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plexed Ideas, than to the Demonftrations themfelves. And, however fome may find Fault with the Difpofition and Order of his Elements, yet, notwithflanding, I do not find any Method, in all the Writings of this Kind, more proper and eafy for Learners than that of Euclid.

It is not my Bufinefs here to anfwer, feparately, every one of thefe Cavillers; but it will eafily appear to any one, moderately verfed in thefe Elements, that they rather fhew their own Idleness, than any real Faults in Euclid. Nay, I dare venture to fay, there is not one of thefe new Systems, wherein there are not more Faults, nay, groffer Paralogifms, than they have been able even to imagine in Euclid.'

After fo many unfuccessful Endeavours in the Reformation of Geometry, fome very good Geometricians, not daring to make new Elements, have defervedly preferred Euclid to all others; and have accordingly made it their Bufinefs to publish those of Euclid. But they, for what Reafon I know not, have entirely omitted fome Propofitions, and have altered the Demonftrations of others, for worfe. Among whom are chiefly Tacquet and Dechales, both of which have unhappily rejected fome elegant Propofitions in the Elements (which ought to have been retained), as imagining them trifling and uselefs; fuch, for Example, as Prop. 27, 28, and 29, of the fixth Book, and fome others, whofe Ufes they might not know. Farther,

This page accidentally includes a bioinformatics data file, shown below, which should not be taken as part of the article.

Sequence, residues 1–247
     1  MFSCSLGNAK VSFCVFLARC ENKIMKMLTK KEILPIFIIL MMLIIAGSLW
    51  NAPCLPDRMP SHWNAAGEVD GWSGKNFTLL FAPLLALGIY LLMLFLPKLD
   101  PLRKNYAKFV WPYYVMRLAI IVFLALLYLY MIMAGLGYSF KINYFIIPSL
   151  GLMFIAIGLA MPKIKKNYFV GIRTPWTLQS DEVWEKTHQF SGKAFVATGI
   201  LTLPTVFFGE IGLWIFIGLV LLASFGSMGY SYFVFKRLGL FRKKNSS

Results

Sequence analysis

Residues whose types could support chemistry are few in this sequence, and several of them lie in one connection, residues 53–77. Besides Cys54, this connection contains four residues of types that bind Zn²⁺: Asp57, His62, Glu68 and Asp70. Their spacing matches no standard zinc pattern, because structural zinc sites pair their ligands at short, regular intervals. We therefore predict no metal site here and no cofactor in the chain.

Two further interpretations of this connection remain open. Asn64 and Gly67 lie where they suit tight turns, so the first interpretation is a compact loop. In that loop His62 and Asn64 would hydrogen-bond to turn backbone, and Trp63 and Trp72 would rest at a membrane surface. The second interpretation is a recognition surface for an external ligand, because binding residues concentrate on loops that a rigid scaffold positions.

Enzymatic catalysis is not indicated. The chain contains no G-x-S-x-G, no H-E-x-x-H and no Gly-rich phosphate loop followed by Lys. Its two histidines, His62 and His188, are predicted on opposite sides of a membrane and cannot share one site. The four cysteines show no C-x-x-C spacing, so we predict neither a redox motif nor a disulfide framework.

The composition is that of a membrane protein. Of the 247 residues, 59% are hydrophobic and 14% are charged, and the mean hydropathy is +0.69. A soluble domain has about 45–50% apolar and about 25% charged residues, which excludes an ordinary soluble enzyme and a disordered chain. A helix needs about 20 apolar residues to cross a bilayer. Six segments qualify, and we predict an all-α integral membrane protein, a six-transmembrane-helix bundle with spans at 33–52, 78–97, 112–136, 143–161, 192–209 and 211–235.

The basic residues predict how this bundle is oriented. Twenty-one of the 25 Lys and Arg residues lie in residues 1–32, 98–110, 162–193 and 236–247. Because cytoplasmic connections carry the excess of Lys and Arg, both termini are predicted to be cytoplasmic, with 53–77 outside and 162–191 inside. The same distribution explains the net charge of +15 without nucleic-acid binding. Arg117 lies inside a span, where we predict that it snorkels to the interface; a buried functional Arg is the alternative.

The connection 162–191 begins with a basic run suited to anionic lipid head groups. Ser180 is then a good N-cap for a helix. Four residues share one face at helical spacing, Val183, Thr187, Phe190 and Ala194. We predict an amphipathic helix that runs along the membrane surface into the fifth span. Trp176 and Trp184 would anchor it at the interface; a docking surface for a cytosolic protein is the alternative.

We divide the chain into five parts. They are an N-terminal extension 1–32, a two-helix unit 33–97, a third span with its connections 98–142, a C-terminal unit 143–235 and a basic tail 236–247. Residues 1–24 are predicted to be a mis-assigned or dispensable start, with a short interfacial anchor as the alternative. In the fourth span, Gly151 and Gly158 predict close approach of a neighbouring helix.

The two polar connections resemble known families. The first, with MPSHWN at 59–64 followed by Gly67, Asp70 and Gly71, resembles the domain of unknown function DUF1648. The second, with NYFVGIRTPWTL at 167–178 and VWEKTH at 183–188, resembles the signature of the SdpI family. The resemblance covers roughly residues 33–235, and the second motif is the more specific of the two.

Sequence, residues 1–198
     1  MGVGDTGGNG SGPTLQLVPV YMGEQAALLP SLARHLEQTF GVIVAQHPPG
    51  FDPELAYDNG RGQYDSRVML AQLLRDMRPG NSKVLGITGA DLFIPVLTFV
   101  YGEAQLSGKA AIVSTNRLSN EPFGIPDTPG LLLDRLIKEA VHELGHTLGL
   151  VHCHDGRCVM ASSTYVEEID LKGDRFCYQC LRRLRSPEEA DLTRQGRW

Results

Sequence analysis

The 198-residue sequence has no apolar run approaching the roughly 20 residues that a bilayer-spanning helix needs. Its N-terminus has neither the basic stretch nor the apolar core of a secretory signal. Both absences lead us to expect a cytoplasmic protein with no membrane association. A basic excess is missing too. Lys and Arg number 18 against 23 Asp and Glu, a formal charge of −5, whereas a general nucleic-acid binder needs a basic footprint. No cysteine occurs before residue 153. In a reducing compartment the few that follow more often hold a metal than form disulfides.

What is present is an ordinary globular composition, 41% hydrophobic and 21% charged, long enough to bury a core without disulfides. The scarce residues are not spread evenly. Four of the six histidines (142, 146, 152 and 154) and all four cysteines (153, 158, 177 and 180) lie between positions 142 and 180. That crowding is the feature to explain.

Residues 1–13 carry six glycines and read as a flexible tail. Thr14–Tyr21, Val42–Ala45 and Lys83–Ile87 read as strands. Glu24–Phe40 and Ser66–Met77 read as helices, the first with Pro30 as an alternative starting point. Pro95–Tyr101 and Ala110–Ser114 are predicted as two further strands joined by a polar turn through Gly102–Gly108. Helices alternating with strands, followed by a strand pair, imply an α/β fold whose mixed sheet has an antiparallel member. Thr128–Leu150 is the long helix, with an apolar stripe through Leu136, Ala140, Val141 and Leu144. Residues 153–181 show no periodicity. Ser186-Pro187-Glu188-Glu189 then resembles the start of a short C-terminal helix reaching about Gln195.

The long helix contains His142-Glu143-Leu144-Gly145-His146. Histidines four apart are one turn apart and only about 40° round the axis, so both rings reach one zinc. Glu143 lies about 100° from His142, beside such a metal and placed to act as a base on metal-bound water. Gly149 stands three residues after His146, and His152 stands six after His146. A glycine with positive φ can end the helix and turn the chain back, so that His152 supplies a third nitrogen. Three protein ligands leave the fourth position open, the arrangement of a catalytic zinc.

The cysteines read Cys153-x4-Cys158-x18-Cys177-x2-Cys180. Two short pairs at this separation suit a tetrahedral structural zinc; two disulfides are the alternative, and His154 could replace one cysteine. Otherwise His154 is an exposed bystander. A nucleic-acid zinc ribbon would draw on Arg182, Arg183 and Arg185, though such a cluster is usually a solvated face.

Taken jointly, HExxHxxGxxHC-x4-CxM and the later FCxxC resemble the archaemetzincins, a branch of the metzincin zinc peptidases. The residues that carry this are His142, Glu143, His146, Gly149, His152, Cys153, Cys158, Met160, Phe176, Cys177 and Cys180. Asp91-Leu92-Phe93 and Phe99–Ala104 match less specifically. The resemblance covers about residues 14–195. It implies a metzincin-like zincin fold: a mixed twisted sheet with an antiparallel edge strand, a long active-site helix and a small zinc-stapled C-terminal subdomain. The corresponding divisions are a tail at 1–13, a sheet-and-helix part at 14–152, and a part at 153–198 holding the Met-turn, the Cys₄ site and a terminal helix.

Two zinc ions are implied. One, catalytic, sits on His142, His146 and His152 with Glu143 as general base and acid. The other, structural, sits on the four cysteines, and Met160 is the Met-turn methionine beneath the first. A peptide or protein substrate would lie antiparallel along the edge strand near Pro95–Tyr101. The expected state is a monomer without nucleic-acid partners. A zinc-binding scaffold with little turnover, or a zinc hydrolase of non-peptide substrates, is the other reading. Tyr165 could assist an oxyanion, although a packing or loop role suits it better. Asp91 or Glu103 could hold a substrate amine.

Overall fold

wherever they ufe Demonftrations of their own, instead of Euclid's, in thofe DemonAtrations, they are faulty in their Reasoning, and deviate very much from the Concifeness of the Antients.

In the fifth Book, they have wholly rejected Euclid's Demonftrations, and have given a Definition of Proportion different from Euclid's, and which comprehends but one of the two Species of Proportion, taking in only commenfurable Quantities. Which great Fault, no Logician or Geometrician would ever have pardoned, had not those Authors done laudable Things in their other Mathematical Writings. Indeed, this Fault of theirs is common to all Modern Writers of Elements, who all Split on the fame Rock; and, to fhew their Skill, blame Euclid, for what, on the contrary, he ought to be commended; I mean, the Definition of proportional Quantities, wherein he fhews an eafy Property of thofe Quantities, taking in both commenfurable and incommensurable ones, and from which all the other Properties of Proportionals do eafily follow.

Some Geometricians, forfooth, want a Demonftration of this Property in Euclid; and undertake to fupply the Deficiency by one of their own. Here, again, they fhew their Skill in Logic, in requiring a DemonAtration for the Definition of a Term; that Definition of Euclid being fuch as determines thofe Quantities Proportionals, which have the Conditions Specified in the faid De

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finition. And why might not the Author of the Elements give what Names he thought fit to Quantities, having fuch Requifites? Surely be might ufe his own Liberty, and accordingly has called them Proportionals.